This is my last post of the year, and I want to take a moment to thank everyone that spends their precious time reading my long-winded entries. In 2009, I saw a four fold increase in blog traffic over 2008, and December 2009 saw a five fold increase in traffic over January 2009. Out of a total of 74 posts this year, more than half were related to modularity. I’d like to think the increase in traffic is related to the topics I’ve been writing about. Modularity is something that folks are interested in. But we still have a ways to go.
Future of Modularity
Interestingly, I was speaking to a conference organizer yesterday, and I sensed his mild surprise when I began to talk about modularity. He noted that modularity is certainly not a new concept. I agreed. It’s an idea that has been around since at least the early 1970’s when David Parnas published his essay. But things are different now. Until recently, modularity was not a first class concept on the Java platform. If we wanted to develop software with a modular architecture, we were required to do so without much framework or platform support. In fact, we hadn’t even identified any standard definition of module on the platform.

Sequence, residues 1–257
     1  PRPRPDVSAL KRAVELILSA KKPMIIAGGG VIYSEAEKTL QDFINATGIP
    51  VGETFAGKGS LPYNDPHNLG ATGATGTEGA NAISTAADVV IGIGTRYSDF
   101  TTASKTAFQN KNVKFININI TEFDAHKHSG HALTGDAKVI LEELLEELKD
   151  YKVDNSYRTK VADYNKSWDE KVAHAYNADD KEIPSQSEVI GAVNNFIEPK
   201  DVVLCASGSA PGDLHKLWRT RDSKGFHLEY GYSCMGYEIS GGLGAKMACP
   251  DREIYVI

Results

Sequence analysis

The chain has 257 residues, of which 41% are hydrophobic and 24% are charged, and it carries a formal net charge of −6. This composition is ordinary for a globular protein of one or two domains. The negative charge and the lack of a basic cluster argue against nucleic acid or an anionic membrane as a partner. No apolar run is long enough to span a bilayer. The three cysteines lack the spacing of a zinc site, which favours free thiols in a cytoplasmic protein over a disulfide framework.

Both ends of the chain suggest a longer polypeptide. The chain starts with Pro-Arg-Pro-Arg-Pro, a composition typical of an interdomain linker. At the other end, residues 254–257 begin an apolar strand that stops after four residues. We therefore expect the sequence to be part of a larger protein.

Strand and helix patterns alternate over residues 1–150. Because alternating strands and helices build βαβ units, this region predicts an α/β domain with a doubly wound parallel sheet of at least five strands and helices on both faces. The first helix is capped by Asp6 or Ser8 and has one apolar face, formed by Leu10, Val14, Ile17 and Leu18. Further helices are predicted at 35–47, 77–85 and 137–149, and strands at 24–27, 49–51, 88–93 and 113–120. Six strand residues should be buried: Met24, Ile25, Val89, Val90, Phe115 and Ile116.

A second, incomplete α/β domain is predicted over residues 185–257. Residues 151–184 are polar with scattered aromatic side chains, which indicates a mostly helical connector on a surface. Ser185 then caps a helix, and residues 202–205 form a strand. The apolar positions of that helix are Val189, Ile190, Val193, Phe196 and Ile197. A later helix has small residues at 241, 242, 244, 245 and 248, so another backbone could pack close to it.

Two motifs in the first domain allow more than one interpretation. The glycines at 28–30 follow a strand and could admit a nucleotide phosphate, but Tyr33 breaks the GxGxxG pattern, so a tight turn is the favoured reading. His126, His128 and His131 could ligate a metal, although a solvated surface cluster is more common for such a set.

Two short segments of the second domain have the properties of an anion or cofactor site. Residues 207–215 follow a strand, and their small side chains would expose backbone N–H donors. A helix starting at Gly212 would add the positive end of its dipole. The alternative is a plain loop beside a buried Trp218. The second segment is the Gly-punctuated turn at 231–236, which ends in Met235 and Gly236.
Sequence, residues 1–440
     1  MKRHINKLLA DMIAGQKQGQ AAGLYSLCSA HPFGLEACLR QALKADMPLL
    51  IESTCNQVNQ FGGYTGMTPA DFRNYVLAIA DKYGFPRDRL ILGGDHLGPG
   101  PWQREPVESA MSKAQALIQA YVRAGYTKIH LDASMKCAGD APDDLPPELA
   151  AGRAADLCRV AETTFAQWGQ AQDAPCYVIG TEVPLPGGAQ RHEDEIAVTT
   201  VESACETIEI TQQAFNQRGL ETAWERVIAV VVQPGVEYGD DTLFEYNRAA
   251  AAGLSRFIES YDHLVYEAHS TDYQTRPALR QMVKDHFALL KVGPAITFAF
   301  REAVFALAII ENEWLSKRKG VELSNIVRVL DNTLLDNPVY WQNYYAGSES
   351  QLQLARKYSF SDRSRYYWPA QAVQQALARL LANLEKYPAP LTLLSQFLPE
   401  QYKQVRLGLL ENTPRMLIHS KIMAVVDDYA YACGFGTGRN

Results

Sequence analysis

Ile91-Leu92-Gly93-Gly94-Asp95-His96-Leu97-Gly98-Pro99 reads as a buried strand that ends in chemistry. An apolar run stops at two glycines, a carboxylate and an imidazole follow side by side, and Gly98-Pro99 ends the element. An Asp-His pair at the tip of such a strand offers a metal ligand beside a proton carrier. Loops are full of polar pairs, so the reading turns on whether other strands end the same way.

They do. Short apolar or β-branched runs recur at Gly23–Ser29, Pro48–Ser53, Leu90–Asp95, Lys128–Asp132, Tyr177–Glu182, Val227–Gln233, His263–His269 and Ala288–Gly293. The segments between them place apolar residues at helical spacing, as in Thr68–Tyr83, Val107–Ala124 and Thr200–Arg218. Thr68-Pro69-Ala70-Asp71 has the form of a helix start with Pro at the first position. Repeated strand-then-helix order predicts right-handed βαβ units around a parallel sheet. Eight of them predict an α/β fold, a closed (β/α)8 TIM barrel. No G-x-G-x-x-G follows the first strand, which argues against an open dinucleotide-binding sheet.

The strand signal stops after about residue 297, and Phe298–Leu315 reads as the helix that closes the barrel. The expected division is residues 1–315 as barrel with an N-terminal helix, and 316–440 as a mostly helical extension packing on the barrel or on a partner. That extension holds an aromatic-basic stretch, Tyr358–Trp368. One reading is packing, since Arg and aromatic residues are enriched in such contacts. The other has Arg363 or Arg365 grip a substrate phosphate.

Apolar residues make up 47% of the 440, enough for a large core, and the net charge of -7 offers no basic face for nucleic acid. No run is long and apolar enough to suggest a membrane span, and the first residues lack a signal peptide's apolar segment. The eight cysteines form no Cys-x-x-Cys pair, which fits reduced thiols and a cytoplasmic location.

That’s changing. As the application platform vendors continue to bake OSGi into their products, it’s clear that a module is a JAR file and there’s a framework to back it up. In 2010 modularity on the Java platform will gain considerable visibility in our industry. The stackless stack is coming to fruition, and it’s a game changer…a disruptor…that reaches from the developer to the data center. It’s not something we should ignore. Really, it’s not something we can ignore anymore. So, as we close out one decade and usher in another, modularity will celebrate at least its 40th birthday. Maybe we’re finally starting to get it.
All Posts Page
A final note before closing out 2009. For those interested, I’ve created a custom WordPress page that shows a summary of all posts published on this blog. Enjoy!